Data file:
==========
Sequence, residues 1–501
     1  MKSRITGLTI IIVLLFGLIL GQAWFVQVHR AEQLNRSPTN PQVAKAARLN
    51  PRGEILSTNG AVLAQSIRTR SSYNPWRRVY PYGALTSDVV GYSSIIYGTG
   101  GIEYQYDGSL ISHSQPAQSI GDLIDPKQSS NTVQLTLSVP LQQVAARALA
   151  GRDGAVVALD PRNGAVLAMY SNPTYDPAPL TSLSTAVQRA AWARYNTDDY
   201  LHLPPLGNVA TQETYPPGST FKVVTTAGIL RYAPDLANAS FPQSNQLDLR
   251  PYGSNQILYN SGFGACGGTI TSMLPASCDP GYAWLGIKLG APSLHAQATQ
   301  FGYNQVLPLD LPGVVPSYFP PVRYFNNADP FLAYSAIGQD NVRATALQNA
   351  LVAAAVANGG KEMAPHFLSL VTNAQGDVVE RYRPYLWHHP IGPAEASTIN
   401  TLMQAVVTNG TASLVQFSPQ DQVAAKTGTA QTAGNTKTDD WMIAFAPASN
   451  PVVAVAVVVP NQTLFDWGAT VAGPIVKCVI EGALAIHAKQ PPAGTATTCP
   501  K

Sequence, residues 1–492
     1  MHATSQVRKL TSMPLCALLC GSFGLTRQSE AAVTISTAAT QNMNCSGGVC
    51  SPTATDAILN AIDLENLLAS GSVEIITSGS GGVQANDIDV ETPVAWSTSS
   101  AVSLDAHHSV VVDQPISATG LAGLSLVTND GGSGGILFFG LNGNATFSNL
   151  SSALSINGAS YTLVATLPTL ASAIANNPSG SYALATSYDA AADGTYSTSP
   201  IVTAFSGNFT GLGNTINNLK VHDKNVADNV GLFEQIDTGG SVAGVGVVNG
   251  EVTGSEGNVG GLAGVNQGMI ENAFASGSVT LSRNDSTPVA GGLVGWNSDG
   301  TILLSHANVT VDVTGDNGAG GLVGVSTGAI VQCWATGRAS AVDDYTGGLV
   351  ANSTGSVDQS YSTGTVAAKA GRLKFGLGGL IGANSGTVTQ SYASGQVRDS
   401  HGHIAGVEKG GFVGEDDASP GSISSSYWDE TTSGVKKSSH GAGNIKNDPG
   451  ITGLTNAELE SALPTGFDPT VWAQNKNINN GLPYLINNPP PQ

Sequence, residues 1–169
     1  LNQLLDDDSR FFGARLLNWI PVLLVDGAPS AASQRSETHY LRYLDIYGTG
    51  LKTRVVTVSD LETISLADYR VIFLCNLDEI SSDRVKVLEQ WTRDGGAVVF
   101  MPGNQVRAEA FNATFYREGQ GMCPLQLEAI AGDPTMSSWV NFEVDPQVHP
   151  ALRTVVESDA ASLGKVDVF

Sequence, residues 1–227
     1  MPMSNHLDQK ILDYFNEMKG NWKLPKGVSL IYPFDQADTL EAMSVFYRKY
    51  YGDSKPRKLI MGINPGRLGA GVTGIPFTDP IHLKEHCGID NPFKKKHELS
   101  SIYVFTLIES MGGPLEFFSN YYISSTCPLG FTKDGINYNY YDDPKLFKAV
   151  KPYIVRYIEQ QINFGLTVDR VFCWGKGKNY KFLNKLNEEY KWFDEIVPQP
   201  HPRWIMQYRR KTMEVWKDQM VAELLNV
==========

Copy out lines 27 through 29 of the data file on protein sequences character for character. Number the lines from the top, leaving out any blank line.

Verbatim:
   101  MPGNQVRAEA FNATFYREGQ GMCPLQLEAI AGDPTMSSWV NFEVDPQVHP
   151  ALRTVVESDA ASLGKVDVF

Sequence, residues 1–227